The finding that the variability in BMI is centered essentially on the individual seems to reflect the fact that intra-city variation within each capitals was found to be greater than inter-city variation among the capitals, regardless of the city's level of development. Moreover, restricting participation to the population with access to a fixed telephone line excluded the poorest sector of the population, thus minimizing differences between cities, despite the sample weighting procedures employed to reduce such bias.

According to Levy et al,11 in a study of household availability data, only very low-income households show decreased intake of fats and soft drinks, two key foods associated with promotion of obesity. In other words, the obesogenic environment in Brazil is likely to include the vast majority of the population, with the exception of the very poor. Thus, only individuals protected by endogenous factors or strongly engaged in active weight control would succeed in maintaining adequate weight. Along those lines, adolescents with adequate BMI were found to have similar or worse dietary and exercise-related habits than their overweight counterparts.1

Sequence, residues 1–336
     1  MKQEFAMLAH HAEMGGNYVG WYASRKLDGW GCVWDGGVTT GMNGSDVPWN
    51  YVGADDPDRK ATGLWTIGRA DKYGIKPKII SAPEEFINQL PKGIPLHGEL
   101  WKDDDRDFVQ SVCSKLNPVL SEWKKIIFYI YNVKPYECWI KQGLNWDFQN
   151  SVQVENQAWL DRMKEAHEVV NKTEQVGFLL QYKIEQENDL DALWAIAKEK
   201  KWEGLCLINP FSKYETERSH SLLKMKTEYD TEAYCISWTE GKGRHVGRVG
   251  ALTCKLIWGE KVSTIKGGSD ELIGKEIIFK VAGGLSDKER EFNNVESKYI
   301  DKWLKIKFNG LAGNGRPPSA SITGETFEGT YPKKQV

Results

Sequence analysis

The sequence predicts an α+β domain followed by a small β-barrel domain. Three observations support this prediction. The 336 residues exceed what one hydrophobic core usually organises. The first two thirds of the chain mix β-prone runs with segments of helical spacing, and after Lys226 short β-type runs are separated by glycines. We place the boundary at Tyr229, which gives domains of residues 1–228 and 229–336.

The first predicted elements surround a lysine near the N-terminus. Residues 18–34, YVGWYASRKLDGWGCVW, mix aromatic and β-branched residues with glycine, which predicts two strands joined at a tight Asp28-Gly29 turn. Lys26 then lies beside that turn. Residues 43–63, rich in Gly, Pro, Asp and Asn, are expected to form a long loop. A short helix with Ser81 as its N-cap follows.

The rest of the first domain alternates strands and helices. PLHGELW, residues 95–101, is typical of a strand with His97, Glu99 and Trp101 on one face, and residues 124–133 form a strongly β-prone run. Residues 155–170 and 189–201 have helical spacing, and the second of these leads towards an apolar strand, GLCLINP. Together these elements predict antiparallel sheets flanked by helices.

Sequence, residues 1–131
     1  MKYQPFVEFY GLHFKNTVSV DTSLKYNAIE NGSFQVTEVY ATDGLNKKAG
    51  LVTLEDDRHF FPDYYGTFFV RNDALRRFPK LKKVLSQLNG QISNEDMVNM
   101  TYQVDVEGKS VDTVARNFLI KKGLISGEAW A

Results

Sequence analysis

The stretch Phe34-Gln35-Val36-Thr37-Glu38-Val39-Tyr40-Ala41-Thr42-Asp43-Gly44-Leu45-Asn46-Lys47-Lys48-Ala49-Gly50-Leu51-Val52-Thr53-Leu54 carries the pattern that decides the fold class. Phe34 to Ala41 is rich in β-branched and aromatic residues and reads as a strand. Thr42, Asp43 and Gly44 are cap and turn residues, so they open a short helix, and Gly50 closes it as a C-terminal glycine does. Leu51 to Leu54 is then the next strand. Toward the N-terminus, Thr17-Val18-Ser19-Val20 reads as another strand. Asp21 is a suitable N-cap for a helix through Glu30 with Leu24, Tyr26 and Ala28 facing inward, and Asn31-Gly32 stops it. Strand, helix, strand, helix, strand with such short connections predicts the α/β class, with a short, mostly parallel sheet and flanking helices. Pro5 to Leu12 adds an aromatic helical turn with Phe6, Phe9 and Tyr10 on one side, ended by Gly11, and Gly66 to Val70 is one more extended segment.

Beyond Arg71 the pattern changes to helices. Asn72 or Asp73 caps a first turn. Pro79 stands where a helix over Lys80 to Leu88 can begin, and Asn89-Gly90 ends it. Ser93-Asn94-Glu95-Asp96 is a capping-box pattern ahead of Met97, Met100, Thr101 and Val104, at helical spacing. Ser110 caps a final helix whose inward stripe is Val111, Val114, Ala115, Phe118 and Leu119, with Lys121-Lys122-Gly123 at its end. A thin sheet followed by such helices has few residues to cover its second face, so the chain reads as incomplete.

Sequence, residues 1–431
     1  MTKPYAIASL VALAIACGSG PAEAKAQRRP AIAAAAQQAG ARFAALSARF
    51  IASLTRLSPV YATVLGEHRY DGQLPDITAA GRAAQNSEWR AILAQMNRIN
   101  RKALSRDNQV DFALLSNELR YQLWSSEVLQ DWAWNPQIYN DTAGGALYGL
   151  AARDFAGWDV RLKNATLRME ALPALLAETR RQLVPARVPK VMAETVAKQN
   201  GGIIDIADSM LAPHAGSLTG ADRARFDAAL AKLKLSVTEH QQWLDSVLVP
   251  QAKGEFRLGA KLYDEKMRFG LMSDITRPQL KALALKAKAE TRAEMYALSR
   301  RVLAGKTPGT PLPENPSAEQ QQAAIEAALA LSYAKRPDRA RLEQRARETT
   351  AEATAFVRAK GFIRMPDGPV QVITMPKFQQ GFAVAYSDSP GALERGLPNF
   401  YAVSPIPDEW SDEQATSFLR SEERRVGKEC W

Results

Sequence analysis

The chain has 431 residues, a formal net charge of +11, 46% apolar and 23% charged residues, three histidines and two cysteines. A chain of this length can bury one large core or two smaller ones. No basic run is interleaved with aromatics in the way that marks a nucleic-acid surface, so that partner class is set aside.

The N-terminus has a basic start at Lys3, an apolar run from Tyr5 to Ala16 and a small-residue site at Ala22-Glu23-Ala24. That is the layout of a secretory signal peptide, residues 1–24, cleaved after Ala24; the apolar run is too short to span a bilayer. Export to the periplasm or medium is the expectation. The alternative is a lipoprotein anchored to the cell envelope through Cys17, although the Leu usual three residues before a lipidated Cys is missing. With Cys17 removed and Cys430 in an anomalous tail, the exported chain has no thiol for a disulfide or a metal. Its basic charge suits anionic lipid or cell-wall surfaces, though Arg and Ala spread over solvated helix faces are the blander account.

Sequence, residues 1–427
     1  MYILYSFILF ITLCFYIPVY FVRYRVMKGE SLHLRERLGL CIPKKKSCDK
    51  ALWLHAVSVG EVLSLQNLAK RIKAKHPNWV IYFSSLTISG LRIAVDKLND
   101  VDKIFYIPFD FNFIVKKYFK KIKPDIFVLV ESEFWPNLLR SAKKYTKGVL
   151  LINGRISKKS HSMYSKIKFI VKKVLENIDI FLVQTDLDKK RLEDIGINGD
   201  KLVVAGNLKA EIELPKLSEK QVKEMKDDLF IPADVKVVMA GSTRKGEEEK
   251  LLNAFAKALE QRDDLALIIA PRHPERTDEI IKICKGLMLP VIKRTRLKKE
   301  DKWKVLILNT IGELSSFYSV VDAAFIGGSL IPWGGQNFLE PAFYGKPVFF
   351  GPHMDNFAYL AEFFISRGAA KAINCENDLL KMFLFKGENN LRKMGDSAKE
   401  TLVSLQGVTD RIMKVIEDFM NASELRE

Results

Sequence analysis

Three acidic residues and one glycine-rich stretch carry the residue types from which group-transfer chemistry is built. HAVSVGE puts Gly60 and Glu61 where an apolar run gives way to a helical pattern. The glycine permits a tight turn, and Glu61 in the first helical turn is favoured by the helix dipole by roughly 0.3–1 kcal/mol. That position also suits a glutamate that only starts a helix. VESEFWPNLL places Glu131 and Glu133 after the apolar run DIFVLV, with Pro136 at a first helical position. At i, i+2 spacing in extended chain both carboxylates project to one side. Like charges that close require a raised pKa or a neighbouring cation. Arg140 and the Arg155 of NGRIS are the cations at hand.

Our results are similar to those of multilevel studies with adolescents carried out in the United States17 and Canada,9 in which individual characteristics such as race, household socioeconomic level, social capital, hours spent watching television, computer use, and physical activity accounted for most of the variation in obesity. Neighborhood poverty explained 18% of this variation.17 Such high explanatory capacity reflects the high prevalence o obesity among American adolescents, which ranges from 10% to 18%.17 In the present study, it should be noted that the environmental variables investigated in the cities are strongly correlated with the individual variables. Furthermore, the only variable that effectively measured the availability places suited for physical activity in the urban environment was consistently associated with lower BMI among both men and women.